Back in the Seventies and Eighties there were quali engines and super-sticky quali tyres which were put together to produce lunatic performance for a mere handfull of laps.
      This Regulation seems to seek to avoid the return of a quali engine, and to reinforce the idea of the engine that sets the qualifying time is the engine to be raced.
      In other words, it stops a team from having a ‘Wunder-Motor’ that guarantees them fastest time in practice and therefore at least fifth on the grid when they change back to ‘normal’ racing engine.
      However, for an infinitely more insightful explanation and several ideas of how to get around it – ask someone like Ross Brawn!

      1. Good point. I’m still unclear why it suddenly becomes OK to use them on the last race in the championship… and good idea, I may well make use of the BBC’s F1 forum and pester them for an answer…

  20. Surely this is only of passing interest these days. Twenty years ago we had the era of ‘hand-grenade’ engines that regulalry expired part way through the race, but over the past five to ten years, all the engines have been relatively bullet-proof.
    Such are the telemetry controls and observations, I cannot believe that Alonso’s progress to WDC will be thwarted by an engine that may or may not have done excellent service at this track or that track.

    1. Lol… tell that to Vettel…

      1. Yes, okay. You’re right! LOL.

      2. True lol, but remember he did say “relatively”!

  21. Hi Keith,

    Alonso did lose 2 engines earlier in the season (Malaysia race and China Practice) effectively since China Practice he has had 6 engines of which 1 by the time he took his 4th engine in Spain had quite a few miles on it. Effectively since those two early failures each engine has had to do 3 qualifications and races (not to mention practice sessions) where as other teams have only had to do this with a few engines over the course of a season.

    Alonso’s recent engine usuage:

    Engine 6: Germany, Hungary and Singapore
    Engine 7: Spa, Suzuka and Korea
    Engine 9: Monza (only Saturday and Sunday running)

    The issue for Ferrari is that this 8th engine has already completed the toughest GP in regards to engines on the calendar and now has to back up in a title fight at two more engine demanding circuits. Brazil should not be a problem however it would be worrying taking that same engine to Abu Dhabi running in temperatures of around 30-35 celcius with track temperatures much higher and facing the possibility of being stuck in dirty hot air for 309 km’s.

  22. Only Renault & some Cosworth drivers have some new engine left. The biggest question is how much good condition are or how much mileage is left for all those 8 engines that are been used so far.Mat be Vettel & Hamilton are in a better condition as they had more retirement then any other title contenders.

  23. It’s not “sportive” to wish Alonso blows his engines in the last 2 remaining sessions, as it is EDEFINITELY not sportive if he wins the championship by 7 points (the seven points Domenicalli made Massa give to Alonso as an early gift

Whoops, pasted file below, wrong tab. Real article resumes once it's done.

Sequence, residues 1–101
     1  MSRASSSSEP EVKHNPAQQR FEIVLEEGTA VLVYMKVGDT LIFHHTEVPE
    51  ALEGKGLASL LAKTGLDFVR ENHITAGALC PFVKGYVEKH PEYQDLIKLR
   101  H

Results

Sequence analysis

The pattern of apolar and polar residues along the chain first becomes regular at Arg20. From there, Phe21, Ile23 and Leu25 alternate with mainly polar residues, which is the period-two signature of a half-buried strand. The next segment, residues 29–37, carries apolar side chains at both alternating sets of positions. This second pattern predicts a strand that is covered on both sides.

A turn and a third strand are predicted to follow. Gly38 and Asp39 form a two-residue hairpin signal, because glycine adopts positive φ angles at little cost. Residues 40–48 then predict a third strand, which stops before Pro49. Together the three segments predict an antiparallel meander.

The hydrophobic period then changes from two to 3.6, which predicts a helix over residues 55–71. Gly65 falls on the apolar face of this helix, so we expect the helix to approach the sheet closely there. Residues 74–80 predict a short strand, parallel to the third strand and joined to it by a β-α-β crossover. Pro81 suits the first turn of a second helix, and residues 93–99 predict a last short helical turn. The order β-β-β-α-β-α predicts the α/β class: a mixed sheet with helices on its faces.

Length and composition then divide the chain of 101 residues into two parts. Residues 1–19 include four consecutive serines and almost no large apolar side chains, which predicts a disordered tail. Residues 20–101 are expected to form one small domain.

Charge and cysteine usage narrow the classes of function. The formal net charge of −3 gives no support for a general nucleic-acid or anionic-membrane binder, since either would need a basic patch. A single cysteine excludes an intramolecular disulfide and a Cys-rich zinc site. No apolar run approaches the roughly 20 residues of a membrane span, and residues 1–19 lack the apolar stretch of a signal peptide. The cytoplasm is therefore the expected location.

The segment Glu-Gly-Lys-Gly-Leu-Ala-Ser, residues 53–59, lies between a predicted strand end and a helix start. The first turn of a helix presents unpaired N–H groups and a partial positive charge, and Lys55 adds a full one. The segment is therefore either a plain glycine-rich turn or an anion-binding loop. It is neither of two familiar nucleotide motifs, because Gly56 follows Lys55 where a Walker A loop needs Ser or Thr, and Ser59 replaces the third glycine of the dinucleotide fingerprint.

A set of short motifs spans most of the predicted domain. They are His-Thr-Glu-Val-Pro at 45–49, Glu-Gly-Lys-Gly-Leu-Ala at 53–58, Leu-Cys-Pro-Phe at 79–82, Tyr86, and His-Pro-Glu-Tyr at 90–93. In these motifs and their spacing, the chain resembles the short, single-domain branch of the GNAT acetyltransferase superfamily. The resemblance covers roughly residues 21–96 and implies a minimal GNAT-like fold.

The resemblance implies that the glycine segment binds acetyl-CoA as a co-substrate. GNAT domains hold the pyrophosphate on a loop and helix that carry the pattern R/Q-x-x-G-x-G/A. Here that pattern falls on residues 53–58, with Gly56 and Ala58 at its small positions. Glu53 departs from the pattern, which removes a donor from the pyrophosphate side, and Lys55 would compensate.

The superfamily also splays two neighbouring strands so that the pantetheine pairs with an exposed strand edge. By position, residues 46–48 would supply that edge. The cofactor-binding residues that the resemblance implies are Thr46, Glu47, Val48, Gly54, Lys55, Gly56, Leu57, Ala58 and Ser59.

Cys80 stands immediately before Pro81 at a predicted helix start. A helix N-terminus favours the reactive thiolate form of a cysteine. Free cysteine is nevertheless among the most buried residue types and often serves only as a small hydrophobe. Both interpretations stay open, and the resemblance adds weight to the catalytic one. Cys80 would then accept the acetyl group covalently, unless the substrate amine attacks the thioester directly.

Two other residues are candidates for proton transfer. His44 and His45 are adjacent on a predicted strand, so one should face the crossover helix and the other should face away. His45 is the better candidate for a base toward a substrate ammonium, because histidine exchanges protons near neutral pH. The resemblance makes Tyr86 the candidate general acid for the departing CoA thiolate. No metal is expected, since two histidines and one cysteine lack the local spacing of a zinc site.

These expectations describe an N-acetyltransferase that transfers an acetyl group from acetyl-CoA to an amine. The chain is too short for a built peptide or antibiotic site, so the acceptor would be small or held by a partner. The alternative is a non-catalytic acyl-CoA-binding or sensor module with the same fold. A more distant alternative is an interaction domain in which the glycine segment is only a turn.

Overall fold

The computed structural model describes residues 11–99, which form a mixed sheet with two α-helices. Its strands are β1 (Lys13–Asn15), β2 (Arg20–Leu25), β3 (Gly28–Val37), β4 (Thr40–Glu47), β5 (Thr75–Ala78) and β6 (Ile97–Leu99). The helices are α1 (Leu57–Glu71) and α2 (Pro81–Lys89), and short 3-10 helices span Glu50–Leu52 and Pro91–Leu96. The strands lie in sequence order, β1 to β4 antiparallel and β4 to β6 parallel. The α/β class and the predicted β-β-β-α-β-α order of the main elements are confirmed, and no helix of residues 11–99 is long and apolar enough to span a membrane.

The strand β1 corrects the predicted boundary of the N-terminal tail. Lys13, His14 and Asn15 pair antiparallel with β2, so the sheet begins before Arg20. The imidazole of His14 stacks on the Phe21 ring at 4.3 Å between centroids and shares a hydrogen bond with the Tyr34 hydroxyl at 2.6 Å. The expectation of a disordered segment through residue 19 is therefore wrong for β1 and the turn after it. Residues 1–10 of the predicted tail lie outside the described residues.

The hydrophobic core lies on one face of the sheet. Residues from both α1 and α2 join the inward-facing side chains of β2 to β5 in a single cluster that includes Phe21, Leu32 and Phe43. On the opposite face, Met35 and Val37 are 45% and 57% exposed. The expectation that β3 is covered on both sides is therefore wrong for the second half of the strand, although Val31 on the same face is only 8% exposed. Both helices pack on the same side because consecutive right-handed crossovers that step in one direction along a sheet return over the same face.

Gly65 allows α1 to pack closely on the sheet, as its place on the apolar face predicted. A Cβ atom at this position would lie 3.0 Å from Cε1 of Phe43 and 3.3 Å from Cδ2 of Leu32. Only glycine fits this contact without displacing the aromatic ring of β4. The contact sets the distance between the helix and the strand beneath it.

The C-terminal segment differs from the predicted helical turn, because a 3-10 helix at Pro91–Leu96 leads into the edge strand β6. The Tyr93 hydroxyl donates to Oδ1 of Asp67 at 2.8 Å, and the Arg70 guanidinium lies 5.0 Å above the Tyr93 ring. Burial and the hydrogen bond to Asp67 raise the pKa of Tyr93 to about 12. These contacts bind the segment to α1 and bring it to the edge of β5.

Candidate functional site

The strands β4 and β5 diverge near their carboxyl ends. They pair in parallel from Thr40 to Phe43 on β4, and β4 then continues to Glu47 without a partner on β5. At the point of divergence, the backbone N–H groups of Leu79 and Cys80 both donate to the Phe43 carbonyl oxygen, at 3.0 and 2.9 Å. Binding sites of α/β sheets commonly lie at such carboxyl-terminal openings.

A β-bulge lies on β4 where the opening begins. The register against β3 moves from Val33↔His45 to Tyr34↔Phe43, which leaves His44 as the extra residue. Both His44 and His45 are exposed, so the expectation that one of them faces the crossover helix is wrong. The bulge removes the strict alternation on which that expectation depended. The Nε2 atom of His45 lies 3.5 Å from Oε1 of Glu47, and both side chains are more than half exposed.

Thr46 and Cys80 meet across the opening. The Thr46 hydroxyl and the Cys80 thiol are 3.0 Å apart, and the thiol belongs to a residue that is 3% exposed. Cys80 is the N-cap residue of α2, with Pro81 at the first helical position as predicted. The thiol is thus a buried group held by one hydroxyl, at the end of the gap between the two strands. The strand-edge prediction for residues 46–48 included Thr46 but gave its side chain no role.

3rd November 2010, 4:01

    as far as I know, Alonso is a smooth operator along with Jenson when it comes to throttle control.

    What i don’t know is whether that’s enough to aid them both.

    And what I want is Alonso’s engine to blow up :) much like SCRIBE described

  25. Here some pretty reliable data on the Alonso’s first 4 races taken from the Autosport magazine.

    As for his last 3 engines (#6, #7 & #8), Ferrari are hoping to do all last 9 races of the season with these 3 angines. So far they are doing well…

    „Fernando Alonso won today’s Singapore Grand Prix using the same engine with which he raced in Germany and Hungary. It’s been a successful engine, scoring 68 out of a potential 75 points.

    That engine will now be used for Fridays for the remainder of the season.

    Despite having now used all his eight allocated engines, compared to his rivals Red Bull and McLaren who each have one fresh one to take, Alonso and Ferrari say that their running will not be compromised.

    He has two engines which have both done one race each – Spa and Monza. These will be used across the remaining four races.

    Ferrari say they are calm about the situation, given that the engine with which Alonso did his Friday running this weekend had covered over 2,500kms.“

    James Allen: „Ferrari told me on Sunday night that Alonso’s Singapore engine will be used again for Friday running. Spa and Monza engines with one race on them each will do the Sat/Sun for the remaining events“

    Cheers! :)

  26. Alonso fans .. Take heart from the fact that even new engines can blow up :)

  27. Can I just say, Hamilton should have the use of other engines which haven’t done the full race distance due to the DNF, especially the race at Sing when he crashed in 1FP & only got about 20min test time, didn’t have any FP or qually on the saturday & then DNF too, so doesn’t that give him a better chance with engines over the last 2 races???

    1. If he crashes again in Brazil, he should have a really good one for Abu Dhabi. :)

  28. I’ve done my research, here is a summary of which engine was used where for Alonso:

    #1: Did qualifying in Bahrain, was then assigned to practice sessions and expired in FP at China.
    #2: Did race at Bahrain and China
    #3: Australia and Malaysia (expired in the latter)
    #4: Spain, Monaco and Turkey
    #5: Canada, Europe and Great Britain
    #6: Germany, Hungary and Singapore
    #7: Belgium, Japan and Korea
    #8: Monza

    #8 will be used at Interlagos and Abu Dhabi. It’s not ideal to have the Monza engine do 3 races, but it should probably last, though they will have to manage it.

  29. keith, if you check out, it tells us which drivers have used which engines at which races

    1. No it doesn’t, it only shows where each engine was introduced.

      1. yes, but i would still expect Ferrari to try and keep running to a minimum / reduced power